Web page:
Grand Theft Auto game is back with 'staggering' GTA5
This satire on western society is technically brilliant and ridiculous fun - even if it cost £170m to build
What you need to know The latest installment of the legendary action-adventure video game, Grand Theft Auto, is released in the UK today. GTA5 is reported to have cost design studio Rockstar £170 million to build, making it the most expensive video game ever created.
It is set in the fictional city of Los Santos, based on Los Angeles, and in the surrounding countryside of southern California. The central story focuses on three player-controlled characters - Michael, Trevor and Franklin - who plan to make their fortune by carrying out a series of heists.
The "open world" game allows players to explore their environment, and engage in activities as varied as car racing, deer hunting, holding up stores and legalising marijuana. An online multiplayer mode will allow up to 16 players to engage in both co-operative and competitive gameplay.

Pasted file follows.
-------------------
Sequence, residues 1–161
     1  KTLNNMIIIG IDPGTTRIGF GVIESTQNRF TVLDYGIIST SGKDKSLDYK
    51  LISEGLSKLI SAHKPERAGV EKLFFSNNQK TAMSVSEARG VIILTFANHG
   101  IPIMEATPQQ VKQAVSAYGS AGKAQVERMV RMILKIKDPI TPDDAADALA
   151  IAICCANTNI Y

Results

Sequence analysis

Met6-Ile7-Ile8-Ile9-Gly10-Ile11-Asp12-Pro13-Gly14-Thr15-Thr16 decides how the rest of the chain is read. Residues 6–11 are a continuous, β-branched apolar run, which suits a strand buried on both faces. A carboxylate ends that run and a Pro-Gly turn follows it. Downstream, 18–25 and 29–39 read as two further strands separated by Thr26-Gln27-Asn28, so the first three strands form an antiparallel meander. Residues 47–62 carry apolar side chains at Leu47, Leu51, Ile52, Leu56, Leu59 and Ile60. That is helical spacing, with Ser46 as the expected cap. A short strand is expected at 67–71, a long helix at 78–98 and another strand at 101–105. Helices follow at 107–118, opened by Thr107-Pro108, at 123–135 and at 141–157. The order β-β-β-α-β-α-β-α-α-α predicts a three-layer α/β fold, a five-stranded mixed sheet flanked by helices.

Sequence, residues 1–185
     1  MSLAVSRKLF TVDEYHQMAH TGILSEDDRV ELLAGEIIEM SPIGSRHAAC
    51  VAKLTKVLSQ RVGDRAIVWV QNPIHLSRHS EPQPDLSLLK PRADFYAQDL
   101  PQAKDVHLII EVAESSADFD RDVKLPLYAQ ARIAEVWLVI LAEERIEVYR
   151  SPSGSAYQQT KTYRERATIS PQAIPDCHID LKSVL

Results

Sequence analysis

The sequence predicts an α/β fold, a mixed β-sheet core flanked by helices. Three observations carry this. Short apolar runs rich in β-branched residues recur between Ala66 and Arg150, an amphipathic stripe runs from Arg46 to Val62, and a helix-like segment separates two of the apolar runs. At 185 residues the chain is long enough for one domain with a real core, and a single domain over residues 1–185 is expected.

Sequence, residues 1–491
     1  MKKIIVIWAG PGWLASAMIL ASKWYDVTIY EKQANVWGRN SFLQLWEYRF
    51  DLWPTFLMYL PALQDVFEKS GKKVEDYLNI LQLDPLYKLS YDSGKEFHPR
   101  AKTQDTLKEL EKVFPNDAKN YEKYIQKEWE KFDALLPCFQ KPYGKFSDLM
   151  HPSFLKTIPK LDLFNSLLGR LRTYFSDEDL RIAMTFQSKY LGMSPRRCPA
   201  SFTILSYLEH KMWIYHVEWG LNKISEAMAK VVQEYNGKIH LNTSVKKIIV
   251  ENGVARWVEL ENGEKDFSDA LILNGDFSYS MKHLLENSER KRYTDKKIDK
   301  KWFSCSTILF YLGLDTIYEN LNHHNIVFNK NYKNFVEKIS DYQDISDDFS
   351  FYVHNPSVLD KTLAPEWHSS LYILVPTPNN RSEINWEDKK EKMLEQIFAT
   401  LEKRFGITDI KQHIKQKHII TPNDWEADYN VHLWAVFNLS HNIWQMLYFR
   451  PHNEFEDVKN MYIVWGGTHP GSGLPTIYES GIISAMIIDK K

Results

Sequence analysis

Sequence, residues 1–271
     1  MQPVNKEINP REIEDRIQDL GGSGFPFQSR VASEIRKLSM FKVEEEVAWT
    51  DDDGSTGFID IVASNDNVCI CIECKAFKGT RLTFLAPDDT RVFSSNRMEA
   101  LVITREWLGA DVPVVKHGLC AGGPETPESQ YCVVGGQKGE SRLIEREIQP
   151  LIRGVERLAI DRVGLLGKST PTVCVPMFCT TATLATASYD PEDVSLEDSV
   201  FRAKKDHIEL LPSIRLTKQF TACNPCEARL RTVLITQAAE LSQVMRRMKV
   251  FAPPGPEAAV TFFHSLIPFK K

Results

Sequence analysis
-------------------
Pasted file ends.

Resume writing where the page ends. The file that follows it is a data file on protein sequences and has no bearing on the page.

What the critics like "It's brilliant, of course," says Tom Hoggins in the Daily Telegraph. Grand Theft Auto V is the pinnacle of open-world video game design, an extraordinary technical achievement and a fabulous piece of entertainment.
GTA5 is "a freewheeling, nihilistic satire on western society" including reality TV, celebrity culture, social media, plastic surgery and pop psychology, says Keith Stuart in The Guardian. The genius of this misanthropic masterpiece is in the sheer seductive force of its vision - it's also ridiculous fun.
GTA5 is even better than the hype, says David Jenkins in Metro. It's a staggering technical achievement, with impossibly good visuals, and excellent and varied missions, making it "not only one of the best GTA games ever, but the most fun to play".
What they don't like The torture scene is likely to become Grand Theft Auto's most controversial moment, says Dan Silver in the Daily Mirror. It's ultimately an attempt to parody torture porn but the satire in this supremely unsettling sequence is too subtle and it's "a rare tonal mis-step in what is otherwise an exemplary experience". ·